Webster's Dictionary defines a book as “a number of sheets of paper, parchment, etc. with writing or printing on them, fastened together along one edge, usually between protective covers. Based on that definition, however, the parameters of what constitutes a book has changed.
I attended an awards ceremony in the Illustrated Book Studio at Washington University. Students and graduate students won cash prizes for their renditions of illustrated books. One accordion-pleated book was wrapped around a person as an entry. According to Betsy Rogers, feature writer for the Washington University Magazine, "Traditional boundaries seem to dissolve between fine art and craft, for instance, or between academic disciplines, or form and content.”
Professor Ken Botnick, the head of the Washington University studio, says of the studio, "In the 1970s there was explosion of interest in book arts, there was the big back-to-the-land, back-to crafts movement. Ceramic programs, glass -blowing programs, things that had been traditionally been too 'crafty' for art schools suddenly had a real weight to them."
Botnick loves the creative process and sees making as thinking. He sees the students work as art of the book rather than book art.
A few years ago I was very impressed with an exhibition entitled, "The Book As Art: Twenty Years of Artists Books for the National Museum of Women in the Arts" In a podcast about the exhibition, the description of the exhibition states, "The aim of book art is to involve the reader actively in the viewing process, not only to see the words on the page, but also to think about how the words, pictures, and physical form of the object all contribute to the meaning. Artists' books assume many forms to include every artistic medium and method of book making.”
In tune with a growing interest in print and book art, a new gallery, dedicated to the art form called “Central Booking” opened in Brooklyn, New York's “Down Under the Manhattan Bridge Overpass”, or DUMBO neighborhood. The space is the brainchild of Maddy Rosenberg, a book artist and independent curator who has worked in the field for more than two decades.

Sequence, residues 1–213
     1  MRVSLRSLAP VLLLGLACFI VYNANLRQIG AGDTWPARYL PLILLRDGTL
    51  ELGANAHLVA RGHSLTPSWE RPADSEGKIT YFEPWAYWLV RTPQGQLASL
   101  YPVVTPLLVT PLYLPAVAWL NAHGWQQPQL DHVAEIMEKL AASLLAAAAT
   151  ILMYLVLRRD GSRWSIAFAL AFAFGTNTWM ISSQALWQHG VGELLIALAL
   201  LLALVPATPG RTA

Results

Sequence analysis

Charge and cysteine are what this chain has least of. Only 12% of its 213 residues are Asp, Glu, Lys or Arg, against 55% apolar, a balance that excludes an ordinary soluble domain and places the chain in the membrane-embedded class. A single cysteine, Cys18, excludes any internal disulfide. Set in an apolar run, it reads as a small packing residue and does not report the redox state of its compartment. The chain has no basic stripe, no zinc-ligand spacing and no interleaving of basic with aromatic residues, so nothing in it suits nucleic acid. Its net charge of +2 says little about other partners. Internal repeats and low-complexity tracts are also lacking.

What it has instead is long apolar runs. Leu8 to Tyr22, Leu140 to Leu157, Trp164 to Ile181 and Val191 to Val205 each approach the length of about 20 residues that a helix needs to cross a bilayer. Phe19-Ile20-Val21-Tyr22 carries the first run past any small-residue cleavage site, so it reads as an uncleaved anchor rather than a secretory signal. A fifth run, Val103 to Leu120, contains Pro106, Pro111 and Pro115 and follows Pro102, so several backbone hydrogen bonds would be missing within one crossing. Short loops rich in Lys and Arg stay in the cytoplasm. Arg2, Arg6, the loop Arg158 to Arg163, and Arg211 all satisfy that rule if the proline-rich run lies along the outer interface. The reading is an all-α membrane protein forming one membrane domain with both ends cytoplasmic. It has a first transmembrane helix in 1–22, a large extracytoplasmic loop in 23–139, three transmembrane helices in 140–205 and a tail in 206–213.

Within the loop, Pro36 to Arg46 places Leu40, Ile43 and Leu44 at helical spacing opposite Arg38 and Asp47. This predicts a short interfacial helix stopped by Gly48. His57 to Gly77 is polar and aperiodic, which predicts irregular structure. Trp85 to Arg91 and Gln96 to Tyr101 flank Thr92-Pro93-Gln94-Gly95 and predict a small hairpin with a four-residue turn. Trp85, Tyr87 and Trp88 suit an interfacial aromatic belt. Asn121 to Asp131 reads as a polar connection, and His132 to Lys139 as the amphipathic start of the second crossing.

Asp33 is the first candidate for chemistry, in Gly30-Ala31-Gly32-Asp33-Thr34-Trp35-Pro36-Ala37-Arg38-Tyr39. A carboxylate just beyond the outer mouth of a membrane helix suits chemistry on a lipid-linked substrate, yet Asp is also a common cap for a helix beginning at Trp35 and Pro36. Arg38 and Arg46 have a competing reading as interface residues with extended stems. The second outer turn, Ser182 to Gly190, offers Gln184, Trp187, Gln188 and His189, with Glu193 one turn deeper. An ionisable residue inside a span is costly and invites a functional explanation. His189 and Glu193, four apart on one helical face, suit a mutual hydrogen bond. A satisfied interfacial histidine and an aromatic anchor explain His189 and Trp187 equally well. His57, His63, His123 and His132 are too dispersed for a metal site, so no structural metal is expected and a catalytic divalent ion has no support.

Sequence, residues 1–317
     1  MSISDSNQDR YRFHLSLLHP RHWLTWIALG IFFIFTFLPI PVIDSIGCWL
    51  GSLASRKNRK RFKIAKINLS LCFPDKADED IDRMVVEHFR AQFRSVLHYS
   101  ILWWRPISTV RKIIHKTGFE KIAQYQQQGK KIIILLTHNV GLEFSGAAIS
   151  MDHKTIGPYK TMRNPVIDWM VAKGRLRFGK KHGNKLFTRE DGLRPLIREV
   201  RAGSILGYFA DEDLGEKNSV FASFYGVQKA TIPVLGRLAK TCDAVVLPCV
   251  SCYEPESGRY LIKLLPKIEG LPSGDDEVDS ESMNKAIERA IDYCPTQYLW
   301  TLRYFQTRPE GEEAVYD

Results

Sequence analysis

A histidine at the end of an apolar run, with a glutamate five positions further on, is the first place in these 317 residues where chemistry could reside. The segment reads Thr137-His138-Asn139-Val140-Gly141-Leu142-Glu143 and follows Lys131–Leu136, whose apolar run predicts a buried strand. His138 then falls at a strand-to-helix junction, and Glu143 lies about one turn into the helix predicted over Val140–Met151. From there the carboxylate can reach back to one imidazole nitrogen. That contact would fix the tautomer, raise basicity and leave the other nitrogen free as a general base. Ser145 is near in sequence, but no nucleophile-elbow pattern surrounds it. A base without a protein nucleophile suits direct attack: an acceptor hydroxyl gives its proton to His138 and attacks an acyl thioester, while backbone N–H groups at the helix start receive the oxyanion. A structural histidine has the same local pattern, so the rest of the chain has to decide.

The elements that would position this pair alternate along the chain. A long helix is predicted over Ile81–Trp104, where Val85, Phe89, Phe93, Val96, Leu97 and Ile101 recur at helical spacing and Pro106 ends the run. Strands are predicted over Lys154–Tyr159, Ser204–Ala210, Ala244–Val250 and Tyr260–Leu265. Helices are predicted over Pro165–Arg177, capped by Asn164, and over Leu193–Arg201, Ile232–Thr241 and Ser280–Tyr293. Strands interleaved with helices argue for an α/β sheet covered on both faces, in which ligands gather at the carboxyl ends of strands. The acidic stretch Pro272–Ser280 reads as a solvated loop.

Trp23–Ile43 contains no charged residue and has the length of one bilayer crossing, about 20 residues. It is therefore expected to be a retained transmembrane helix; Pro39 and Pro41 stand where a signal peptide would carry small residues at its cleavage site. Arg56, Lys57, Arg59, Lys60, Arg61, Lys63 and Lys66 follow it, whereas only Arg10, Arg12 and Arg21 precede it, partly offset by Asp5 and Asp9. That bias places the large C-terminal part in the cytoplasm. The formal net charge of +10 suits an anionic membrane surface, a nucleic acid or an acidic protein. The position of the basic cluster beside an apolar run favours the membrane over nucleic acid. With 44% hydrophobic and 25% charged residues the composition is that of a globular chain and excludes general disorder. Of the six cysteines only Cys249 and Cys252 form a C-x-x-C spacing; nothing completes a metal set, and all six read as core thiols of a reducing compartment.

Our region’s Buzz Spector, Dean of the College and Graduate School of Art at Washington University, is a multi-talented and multi-dimensional personality. Spector's works usually are based on literary references and he uses the book as both subject and object. It was once said by a friend of Spector's, "Give him a book and he'll destroy it." Spector says, "When I alter a book, of course I destroy it as a text, but in the service of transformation of one kind of value into another. I never intend for the alteration of an individual copy of a book to annihilate that book." Professor Spector's works have been shown in such museums and galleries as The Art Institute of Chicago, the Los Angeles County Museum of Art, the Corcoran Gallery of Art in Washington D.C. and the Mattress Factory in Pittsburgh, PA.
As much as I love to read books in their standard form, it’s still fun it is to see the book in a different way and how the book makers have used their imaginations to stretch the parameters and the definitions of the book.
(The opinions expressed are not necessarily those of St. Louis Public Radio.)
Arts Aficionado Nancy Kranzberg has been involved in the arts community for some thirty years. She serves on numerous arts affiliated boards, including The St. Louis Art Museum, Laumeier Sculpture Park where she is the Co-Chair, The Sheldon Arts Foundation and the Sheldon Art Gallery Board, Jazz at the Bistro, The Missouri Mansion Preservation Inc., The Mid American Arts Alliance, and the Contemporary Art Museum St. Louis. Nancy was named Women of Achievement and was awarded the Distinguished Alumnae Award at Washington University Nancy is a docent at the St. Louis Art Museum and is an honorary docent at Laumeier Sculpture Park. At age 60 she became a Jazz singer. She performs with the Second Half which features Chancellor Tom George on the piano.